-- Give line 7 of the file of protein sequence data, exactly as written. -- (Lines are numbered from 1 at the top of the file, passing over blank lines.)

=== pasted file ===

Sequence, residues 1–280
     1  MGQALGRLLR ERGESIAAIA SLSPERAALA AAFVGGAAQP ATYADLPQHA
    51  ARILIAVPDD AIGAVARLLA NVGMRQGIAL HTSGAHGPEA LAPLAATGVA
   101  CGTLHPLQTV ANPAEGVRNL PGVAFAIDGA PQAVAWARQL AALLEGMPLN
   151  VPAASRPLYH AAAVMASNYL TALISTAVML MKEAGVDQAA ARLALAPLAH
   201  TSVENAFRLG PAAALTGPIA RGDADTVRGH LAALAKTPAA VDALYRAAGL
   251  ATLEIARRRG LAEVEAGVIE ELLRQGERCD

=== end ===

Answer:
   251  ATLEIARRRG LAEVEAGVIE ELLRQGERCD